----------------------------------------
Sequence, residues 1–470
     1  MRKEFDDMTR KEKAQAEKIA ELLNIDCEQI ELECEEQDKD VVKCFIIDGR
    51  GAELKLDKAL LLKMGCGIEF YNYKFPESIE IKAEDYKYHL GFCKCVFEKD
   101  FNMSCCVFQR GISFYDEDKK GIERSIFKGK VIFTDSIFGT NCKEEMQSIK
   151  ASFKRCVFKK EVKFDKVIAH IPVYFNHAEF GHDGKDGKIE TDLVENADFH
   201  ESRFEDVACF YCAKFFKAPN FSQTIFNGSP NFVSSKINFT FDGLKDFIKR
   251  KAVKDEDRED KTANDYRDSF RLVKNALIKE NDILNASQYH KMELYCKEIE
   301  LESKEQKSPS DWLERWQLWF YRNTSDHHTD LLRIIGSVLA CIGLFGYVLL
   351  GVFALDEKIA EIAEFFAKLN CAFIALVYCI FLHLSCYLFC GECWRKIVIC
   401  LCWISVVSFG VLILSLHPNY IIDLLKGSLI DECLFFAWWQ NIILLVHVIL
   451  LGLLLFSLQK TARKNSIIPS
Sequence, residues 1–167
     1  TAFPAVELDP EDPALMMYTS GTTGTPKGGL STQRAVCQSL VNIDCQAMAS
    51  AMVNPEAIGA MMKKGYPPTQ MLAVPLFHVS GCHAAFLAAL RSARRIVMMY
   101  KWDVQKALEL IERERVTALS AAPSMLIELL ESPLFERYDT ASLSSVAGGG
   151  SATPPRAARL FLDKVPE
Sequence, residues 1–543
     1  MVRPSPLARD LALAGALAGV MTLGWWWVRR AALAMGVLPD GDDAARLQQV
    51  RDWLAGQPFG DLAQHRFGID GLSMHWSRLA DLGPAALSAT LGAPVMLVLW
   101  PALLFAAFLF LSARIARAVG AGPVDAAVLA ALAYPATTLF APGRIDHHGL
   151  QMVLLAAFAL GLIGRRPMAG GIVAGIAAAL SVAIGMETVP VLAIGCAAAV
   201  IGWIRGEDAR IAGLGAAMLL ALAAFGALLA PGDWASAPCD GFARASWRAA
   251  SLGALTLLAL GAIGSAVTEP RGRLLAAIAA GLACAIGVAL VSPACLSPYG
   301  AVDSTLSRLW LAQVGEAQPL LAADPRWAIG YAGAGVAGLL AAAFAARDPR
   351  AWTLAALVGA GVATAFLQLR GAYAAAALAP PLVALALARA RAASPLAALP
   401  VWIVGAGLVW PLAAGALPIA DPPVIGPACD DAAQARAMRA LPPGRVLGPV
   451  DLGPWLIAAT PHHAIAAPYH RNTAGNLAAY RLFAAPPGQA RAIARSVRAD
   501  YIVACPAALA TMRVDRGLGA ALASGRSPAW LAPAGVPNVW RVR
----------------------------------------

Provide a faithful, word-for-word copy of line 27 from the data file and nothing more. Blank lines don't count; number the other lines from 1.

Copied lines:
   451  DLGPWLIAAT PHHAIAAPYH RNTAGNLAAY RLFAAPPGQA RAIARSVRAD